One of the methodologies espoused by the challenge is to have students constantly working on and re-working their final proposal. The aim is to crystallize into a mere ten slides, a succinct exposition of the student teams’ analysis and recommendations, with a summary report provided in advance. This tests more than just the students’ core knowledge, as underlined by Niamat Aboulazhar: "the Consultancy Challenge offers a practical, collective first taste of a strategic consultant’s work. While analytical and relying on hard skills taught during the semester it also represents a distinctive experience deepening our understanding of our targeted companies, in my case Ariane Group. It is an opportunity to develop our analytic and argumentative mindset and communication methods by confronting individual ways of thinking and learning from one another with our group, classmates, and teachers."

Gaining Real-World Consulting Experience

emlyon's Strategy Consulting students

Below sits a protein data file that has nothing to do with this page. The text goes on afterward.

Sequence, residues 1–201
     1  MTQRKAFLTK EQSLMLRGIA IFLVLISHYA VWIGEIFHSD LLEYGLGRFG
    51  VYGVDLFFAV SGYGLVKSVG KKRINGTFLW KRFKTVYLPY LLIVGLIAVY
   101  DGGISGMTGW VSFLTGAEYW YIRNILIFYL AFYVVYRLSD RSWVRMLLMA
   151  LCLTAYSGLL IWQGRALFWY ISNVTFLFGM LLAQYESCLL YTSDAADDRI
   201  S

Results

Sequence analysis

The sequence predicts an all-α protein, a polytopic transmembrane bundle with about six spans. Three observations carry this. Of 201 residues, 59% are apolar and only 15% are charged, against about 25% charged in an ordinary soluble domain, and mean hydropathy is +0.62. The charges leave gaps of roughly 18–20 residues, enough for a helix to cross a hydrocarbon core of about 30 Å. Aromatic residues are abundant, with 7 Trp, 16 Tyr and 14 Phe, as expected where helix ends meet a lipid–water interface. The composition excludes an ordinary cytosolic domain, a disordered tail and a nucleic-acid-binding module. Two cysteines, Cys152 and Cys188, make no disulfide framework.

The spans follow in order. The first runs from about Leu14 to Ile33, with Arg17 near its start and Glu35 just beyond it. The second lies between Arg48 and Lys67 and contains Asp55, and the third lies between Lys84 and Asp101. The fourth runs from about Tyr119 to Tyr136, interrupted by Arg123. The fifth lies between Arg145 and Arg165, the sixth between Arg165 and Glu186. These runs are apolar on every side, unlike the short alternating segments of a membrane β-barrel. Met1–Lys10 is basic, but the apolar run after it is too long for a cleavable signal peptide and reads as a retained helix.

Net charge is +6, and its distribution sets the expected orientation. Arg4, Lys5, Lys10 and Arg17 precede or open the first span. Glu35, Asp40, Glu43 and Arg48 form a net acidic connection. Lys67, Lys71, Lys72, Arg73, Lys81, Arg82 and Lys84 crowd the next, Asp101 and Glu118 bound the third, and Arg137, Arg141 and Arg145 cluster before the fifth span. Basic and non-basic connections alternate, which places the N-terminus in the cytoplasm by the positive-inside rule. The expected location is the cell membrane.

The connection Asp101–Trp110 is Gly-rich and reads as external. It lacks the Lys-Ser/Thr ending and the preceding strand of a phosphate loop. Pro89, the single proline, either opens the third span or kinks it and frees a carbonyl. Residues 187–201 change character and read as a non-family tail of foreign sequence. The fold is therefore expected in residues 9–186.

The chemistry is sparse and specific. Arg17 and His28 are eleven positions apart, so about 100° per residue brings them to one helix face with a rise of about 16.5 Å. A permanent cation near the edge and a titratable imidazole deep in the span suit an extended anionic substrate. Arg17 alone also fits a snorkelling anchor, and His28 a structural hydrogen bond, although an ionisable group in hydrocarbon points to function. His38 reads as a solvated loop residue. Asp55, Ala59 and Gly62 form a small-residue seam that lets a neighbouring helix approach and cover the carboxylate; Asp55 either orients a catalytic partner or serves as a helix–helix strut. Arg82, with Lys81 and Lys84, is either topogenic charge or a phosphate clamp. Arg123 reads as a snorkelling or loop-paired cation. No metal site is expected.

Whilst the challenge consists of an exercise that is part-simulation, the techniques adopted and the ways of working developing by each group are very real – the project has been carefully designed to ensure that the whole ideation, modeling and argumentation process that each participating student goes through is as close to the reality of the profession of strategic consultant. For Luci Strcic, member of a student team working on Vision Rwanda 2050 and focusing on the critical role of education in sectoral development, this was very much the case: “the task at hand involves extensive research and the development of realistic strategies, emphasizing the consultant's role to provide practical, actionable advice grounded in real-world contexts. Navigating through this project with a team of varied expertise has highlighted the complexities of strategic consulting. While communication and aligning different perspectives can be challenging, it has been a valuable process of learning and growth, reflecting the essence of strategic consultancy.